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Swiatek: Swiatek whisks past Wimbledon champion into semis...

Sabalenka: Andreeva reels in Sabalenka for semis spot...
Published Time: 05.06.2024 - 06:16:36 Modified Time: 05.06.2024 - 06:16:36

The Pole picked up where she left off on Court Philippe-Chatrier, on the heels of her 6-0, 6-0 trouncing of Anastasia Potapova in the fourth round – a match in which she conceded just 10 points. Swiatek



Iga Swiatek prefers to shirk any talk of bagels and breadsticks out of respect for vanquished opponents.

Her 19th straight win at Roland-Garros and 17th in succession on clay this season was delivered with the type of ruthless aggression and efficiency she has managed since her last-ditch survival against Naomi Osaka in the second round.

“Honestly, I think everything worked. I feel like I've been serving better than in previous rounds, so it gave me an extra boost in confidence,” Swiatek said. “Overall, I felt like I'm playing pretty heavy. I could just play my game and go with my tactics and not really overthink anything.”

The Pole picked up where she left off on Court Philippe-Chatrier, on the heels of her 6-0, 6-0 trouncing of Anastasia Potapova in the fourth round – a match in which she conceded just 10 points.

The 23-year-old had only fallen twice to a left-hander – to Arantxa Rus in Rome in 2020 and Beatriz Haddad-Maia in Toronto in 2022 – so it would have required something special from the fifth seed, who had never prevailed in their three prior meetings.

“Today it was pretty straightforward,” Swaitek said. “I'm happy that I kept my focus because sometimes I felt like the game was really intense and sometimes the intensity went down a little bit, so I wanted to really play my game no matter what was coming back from Marketa. I felt like I was in a zone today.”

An ominous tone was set when Swiatek struck seven unanswered winners in the first three games.

It is no secret that the best strategy against the Pole is to take time away from her, bullying her with pace and depth. This is not a style that comes as naturally to Vondrousova, a player who relies heavily on her lefty spin, crafty angles and drop shots.

Before her career-defining run to the Wimbledon title last year, the Czech almost went the distance in Paris five years ago.

In 2019, as an unseeded 19-year-old, she cut a swath through the draw to reach her maiden Slam final where she was overawed in a one-sided contest against Ash Barty.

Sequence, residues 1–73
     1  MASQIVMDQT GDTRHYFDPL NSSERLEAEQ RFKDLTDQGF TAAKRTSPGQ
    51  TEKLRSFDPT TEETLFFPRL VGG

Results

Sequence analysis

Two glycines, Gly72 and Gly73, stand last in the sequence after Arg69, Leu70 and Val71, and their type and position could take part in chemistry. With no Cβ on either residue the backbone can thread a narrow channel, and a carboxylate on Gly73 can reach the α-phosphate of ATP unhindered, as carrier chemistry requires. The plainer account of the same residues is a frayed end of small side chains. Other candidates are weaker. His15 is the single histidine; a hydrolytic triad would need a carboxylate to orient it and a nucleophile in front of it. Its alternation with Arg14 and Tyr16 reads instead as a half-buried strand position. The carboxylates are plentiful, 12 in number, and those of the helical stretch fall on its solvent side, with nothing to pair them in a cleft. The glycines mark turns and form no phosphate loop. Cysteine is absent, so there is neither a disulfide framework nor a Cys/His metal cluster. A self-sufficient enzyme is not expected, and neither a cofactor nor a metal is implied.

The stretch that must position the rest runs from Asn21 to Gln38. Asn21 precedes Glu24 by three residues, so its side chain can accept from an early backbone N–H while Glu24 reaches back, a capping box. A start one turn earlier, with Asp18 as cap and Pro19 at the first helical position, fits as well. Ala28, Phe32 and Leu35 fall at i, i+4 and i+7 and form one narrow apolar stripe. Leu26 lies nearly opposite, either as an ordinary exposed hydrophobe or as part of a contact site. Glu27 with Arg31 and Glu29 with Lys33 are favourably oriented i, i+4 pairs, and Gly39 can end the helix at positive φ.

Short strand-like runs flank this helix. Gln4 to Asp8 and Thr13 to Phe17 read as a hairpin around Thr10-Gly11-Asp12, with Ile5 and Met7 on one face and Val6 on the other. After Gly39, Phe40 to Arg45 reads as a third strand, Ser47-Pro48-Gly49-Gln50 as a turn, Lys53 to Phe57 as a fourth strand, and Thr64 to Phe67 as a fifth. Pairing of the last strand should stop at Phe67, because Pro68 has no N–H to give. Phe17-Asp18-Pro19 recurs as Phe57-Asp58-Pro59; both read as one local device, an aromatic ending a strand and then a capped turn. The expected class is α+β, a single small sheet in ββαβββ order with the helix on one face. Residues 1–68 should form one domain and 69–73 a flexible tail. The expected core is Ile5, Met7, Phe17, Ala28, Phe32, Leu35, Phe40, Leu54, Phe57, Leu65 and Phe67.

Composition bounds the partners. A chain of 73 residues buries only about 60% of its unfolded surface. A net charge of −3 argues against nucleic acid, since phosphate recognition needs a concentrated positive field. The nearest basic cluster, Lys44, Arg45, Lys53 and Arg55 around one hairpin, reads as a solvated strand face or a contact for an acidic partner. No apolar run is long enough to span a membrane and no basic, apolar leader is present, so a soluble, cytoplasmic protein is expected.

A year later, she succumbed at the opening hurdle to an unseeded 20-year-old, a 54th-ranked Pole who went all the way to her first Grand Slam title.

That woman is now a dominant world No.1 with four major trophies in the bag and a fearsome reputation on clay. This was fittingly reiterated when she snared her third straight love set of the tournament after 28 minutes.

Vondrousova was never going to slice and dice her way through this one and knew she had to take a few more risks if she was to make a fist of it.

It required an audacious bid to up the ante just to get her name on the board for 1-all in the second set.

A roar went up when Vondrousova held to snap the Pole’s streak of 20 consecutive games across three matches in Paris, but Swiatek’s focus and intensity was unwavering.

She completed the result on the back of 25 winners, including 21 off her forehand and having claimed 23 of 26 first-serve points.

Vondrousova could only praise the top seed’s performance as she now shifts focus to her Wimbledon title defence.

“She's, I feel like, way better than anyone else on clay, and especially here. Yeah, it's very tough,” she said.

“I feel like on the court you have nothing to… maybe offer or she's just too strong here. Yeah, I didn't feel bad, but overall in the rallies, I felt like she's just better… She's very confident here, you know, especially on that court… I feel like she just pushes you every rally. I feel like you just go crazy every point.”


It set a rematch with third seed Coco Gauff, whom she beat in the 2022 final and the quarter-finals last year and a rival over which Swiatek held an imposing 10-1 record.

“[It will be] the same as before any other match. You don't want to change your routines,” she said. “It's good to just keep going and not think this match as something huge, but just another match to not put too much baggage on your shoulders.

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